Custody of 57 horses that were seized at a Hopkins County property earlier this month were awarded Tuesday to the animal rescue organizations that helped remove the animals.
Justice of the Peace Yvonne King heard about six hours of testimony in the case, which was moved to the district courtroom at the Hopkins County Courthouse due to the large number of people in attendance.
No charges have been filed against the owner of the horses, a 57-year-old woman, who moved to Hopkins County from California about five years ago.
“This hearing has nothing to do with any criminal charges,” Judge King stated as the hearing began.
Several witnesses from animal rescue organizations and local law enforcement agencies testified at the hearing.
Melanie DeAeth with True Blue Animal Rescue in Brenham, one of the non-profit organizations that assisted local authorities in removing the horses, typified most of the testimony. She said she had been in contact with the owner in January. DeAeth said she was told the owner had no money for feed. She said True Blue provided about $200 worth of feed for the horses, as well as about 50 wormers for the animals.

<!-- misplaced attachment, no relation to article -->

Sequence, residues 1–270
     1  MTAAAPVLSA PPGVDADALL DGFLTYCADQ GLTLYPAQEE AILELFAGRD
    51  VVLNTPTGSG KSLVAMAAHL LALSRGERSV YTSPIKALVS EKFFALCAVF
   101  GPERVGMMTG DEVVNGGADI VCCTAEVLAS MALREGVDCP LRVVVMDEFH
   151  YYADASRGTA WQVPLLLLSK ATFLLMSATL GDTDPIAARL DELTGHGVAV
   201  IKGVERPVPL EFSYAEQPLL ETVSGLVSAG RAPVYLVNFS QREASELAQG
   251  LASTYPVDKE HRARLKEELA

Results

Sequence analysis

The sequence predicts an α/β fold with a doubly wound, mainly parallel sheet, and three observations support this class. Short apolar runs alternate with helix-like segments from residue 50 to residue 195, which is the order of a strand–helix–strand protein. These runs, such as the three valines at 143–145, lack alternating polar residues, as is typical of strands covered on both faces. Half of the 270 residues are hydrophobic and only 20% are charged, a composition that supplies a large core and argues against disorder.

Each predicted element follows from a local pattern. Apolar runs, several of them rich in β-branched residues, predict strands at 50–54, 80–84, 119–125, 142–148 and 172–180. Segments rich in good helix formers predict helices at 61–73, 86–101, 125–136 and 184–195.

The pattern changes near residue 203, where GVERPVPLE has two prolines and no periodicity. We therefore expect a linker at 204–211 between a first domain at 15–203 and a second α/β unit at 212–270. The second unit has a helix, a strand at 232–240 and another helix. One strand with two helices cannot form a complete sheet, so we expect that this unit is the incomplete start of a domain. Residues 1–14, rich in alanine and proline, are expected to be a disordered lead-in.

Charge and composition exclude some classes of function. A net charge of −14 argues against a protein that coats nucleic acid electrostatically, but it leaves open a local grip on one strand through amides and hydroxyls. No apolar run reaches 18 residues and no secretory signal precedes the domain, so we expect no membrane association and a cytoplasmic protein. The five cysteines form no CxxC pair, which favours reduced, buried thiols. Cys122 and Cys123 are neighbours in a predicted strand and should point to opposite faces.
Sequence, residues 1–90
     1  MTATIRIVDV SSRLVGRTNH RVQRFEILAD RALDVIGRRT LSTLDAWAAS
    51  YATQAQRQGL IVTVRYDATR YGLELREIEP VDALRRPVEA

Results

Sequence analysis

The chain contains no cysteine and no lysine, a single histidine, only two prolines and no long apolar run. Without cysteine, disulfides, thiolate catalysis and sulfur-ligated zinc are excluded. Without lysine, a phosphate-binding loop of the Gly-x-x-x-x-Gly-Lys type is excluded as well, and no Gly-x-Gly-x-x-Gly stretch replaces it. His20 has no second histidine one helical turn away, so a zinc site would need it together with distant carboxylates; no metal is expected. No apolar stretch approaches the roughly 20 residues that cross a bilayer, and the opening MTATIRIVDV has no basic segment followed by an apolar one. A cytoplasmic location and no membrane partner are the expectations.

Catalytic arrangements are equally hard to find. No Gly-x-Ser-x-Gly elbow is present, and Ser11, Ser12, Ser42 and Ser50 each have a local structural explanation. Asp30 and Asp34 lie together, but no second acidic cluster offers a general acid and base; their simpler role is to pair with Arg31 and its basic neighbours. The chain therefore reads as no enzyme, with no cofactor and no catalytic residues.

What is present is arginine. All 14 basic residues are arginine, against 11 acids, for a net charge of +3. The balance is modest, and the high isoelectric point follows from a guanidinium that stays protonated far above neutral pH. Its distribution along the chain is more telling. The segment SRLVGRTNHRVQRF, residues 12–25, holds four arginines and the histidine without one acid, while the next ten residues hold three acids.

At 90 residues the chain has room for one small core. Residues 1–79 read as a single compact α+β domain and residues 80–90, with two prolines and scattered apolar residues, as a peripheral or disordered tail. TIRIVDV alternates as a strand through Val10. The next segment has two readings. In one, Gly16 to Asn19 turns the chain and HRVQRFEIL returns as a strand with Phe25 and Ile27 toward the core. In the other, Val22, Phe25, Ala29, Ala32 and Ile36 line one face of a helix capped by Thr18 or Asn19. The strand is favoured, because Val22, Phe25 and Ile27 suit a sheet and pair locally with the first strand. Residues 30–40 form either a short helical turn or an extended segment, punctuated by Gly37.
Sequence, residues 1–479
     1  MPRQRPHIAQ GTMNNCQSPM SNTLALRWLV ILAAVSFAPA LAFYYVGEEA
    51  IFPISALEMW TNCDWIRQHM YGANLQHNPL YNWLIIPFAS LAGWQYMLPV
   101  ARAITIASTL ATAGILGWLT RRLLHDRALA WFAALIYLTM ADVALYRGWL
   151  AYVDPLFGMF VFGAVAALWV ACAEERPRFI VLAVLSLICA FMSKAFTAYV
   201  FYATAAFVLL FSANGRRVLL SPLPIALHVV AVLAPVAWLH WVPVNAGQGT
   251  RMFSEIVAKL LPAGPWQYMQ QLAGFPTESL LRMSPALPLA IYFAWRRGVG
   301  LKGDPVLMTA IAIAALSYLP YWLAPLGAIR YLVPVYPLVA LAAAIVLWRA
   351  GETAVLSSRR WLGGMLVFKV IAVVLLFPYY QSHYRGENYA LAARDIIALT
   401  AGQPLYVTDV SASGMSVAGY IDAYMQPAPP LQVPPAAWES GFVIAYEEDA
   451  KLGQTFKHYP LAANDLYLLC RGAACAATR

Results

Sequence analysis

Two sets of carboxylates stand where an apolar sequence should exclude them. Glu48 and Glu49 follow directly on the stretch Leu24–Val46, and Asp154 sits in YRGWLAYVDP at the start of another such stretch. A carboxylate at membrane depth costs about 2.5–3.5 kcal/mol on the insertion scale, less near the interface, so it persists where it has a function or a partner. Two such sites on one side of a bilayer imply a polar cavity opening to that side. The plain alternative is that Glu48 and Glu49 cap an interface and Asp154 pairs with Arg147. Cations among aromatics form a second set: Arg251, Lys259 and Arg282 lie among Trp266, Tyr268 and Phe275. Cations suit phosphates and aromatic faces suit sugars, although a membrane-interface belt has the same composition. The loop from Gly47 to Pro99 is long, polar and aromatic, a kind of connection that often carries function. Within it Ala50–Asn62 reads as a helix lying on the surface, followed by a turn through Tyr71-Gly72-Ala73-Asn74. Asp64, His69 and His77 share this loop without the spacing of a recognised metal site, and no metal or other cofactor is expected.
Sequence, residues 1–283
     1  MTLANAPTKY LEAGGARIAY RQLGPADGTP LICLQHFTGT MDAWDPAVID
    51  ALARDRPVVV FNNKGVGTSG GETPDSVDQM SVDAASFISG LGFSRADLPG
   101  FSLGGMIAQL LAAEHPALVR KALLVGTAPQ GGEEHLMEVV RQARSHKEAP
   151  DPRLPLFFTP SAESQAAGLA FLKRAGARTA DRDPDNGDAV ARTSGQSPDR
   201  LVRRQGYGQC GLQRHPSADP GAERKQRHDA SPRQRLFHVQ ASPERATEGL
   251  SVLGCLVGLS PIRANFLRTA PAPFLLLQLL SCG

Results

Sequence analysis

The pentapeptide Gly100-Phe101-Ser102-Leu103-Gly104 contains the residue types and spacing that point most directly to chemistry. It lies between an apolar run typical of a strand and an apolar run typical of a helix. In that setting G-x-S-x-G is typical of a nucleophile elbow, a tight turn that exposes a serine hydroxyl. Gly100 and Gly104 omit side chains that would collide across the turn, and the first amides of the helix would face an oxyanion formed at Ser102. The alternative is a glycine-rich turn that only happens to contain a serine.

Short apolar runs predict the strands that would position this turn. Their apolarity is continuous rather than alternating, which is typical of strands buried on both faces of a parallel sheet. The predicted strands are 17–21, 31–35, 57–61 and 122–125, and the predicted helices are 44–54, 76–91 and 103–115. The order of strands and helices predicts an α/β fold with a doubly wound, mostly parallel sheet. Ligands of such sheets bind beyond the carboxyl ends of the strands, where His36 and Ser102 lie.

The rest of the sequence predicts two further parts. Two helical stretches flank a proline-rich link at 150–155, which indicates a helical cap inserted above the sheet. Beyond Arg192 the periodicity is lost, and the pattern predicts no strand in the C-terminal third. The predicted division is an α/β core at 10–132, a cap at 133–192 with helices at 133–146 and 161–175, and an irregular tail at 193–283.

DeAeth also said they discussed placing some of the horses at other equine operations, but nothing was ever done.
“She could have utilized these resources to place them in a new home?” asked County Attorney Dusty Hyde-Rabe.
“Yes, ma’am,” DeAeth replied. “She never really utilized our resources.”
She said another horse rescue operation in March provided enough feed and hay for about a month. But these were only stopgap measures, DeAeth indicated, saying it would take about $5,000 a month to properly feed and care for that many horses.
“Were you concerned, with the cost, that she would never be able to keep up with them?” asked the county attorney.
“Absolutely,” DeAeth said. “I am sorry. I did try to help. I don’t think anyone — animal or person — should have to go days without feed.”
She said she had received an e-mail from the owner on April 26 stating that horses had gone three days without hay or feed, and that “things are very, very bleak.” After that last e-mail, DeAeth said, the decision was made to contact Hopkins County Sheriff’s Office.
She said the horses were “extremely thin.” Those that were housed in a barn had no ventilation and had not been exposed to sunshine.
“A lot were standing in three feet of manure,” she said.
Pinworms were an evident problem, as well.
“You could visibly see the worms coming out of their bodies,” she said.
“I was concerned it was a life or death situation for some of those animals,” she added.
Once Hopkins County Sheriff’s Office personnel determined immediate action needed to be taken, DeAeth said, True Blue and another organization, Bluebonnet Equine Humane Society, marshaled its members and volunteers, with about 30 people and about 15 trailers arriving on May 9 to take the horses to foster homes around the state.
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